leeching


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Related to leeching: Leech therapy

leech 1

 (lēch)
n.
1. Any of various chiefly aquatic carnivorous or bloodsucking annelid worms of the class (or subclass) Hirudinea, of which one species (Hirudo medicinalis) was formerly widely used by physicians for therapeutic bloodletting.
2. One that preys on or clings to another; a parasite.
3. Archaic A physician.
v. leeched, leech·ing, leech·es
v.tr.
1. To bleed with leeches.
2. To drain the essence or exhaust the resources of.
v.intr.
To attach oneself to another in the manner of a leech.

[Middle English leche, physician, leech, from Old English lǣce; see leg- in Indo-European roots.]

leech 2

 (lēch)
n. Nautical
1. Either vertical edge of a square sail.
2. The after edge of a fore-and-aft sail.

[Middle English leche, probably from Middle Low German līk, leech line; see leig- in Indo-European roots.]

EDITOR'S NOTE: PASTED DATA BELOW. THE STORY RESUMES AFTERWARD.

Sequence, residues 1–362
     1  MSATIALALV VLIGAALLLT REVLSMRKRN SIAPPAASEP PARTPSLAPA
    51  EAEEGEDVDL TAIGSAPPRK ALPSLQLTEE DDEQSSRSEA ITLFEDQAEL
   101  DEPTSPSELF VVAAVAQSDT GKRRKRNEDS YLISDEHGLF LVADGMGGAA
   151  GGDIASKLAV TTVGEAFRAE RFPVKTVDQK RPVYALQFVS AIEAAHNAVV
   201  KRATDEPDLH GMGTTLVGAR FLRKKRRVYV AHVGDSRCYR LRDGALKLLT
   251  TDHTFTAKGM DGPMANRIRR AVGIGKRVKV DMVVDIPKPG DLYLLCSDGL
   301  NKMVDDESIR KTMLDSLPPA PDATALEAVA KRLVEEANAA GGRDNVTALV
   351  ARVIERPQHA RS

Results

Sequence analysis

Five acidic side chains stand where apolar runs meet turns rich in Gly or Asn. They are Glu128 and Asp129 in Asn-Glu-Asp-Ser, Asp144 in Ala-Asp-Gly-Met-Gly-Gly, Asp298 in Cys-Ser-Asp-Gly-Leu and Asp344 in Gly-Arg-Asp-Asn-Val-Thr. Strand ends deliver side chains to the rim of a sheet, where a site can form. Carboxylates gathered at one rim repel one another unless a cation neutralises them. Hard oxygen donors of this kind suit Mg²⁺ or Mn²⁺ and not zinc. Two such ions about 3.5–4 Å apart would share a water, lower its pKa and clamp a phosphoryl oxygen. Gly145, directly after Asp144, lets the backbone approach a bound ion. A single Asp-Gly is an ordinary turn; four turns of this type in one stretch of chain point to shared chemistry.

leeching

The use of bloodsucking leeches for medical purposes, such as drawing off blood or preventing coagulation at a wound.
References in periodicals archive ?
Therapeutic leeching and bloodletting, incidentally, were prevalent in Britain and Europe till not that long ago.
Research is still being done into other possible benefits of leeching - osteoarthritis for example - and leeches are also used by vets for hematomas following limb removal or road accidents.
Following historical and leech biology overviews, they present techniques, indications and contraindications for leech therapy in treating various conditions, the role of leeching in integrative medicine, and legal aspects.